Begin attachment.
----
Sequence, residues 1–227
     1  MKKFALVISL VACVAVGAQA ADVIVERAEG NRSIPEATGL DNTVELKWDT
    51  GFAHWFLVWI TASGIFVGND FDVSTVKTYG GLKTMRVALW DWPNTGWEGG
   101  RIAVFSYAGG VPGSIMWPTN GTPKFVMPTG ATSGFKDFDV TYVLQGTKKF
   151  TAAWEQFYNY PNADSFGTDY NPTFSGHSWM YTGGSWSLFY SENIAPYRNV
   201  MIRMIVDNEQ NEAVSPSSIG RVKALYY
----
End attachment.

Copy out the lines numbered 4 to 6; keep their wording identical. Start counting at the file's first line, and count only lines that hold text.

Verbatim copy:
   101  RIAVFSYAGG VPGSIMWPTN GTPKFVMPTG ATSGFKDFDV TYVLQGTKKF
   151  TAAWEQFYNY PNADSFGTDY NPTFSGHSWM YTGGSWSLFY SENIAPYRNV
   201  MIRMIVDNEQ NEAVSPSSIG RVKALYY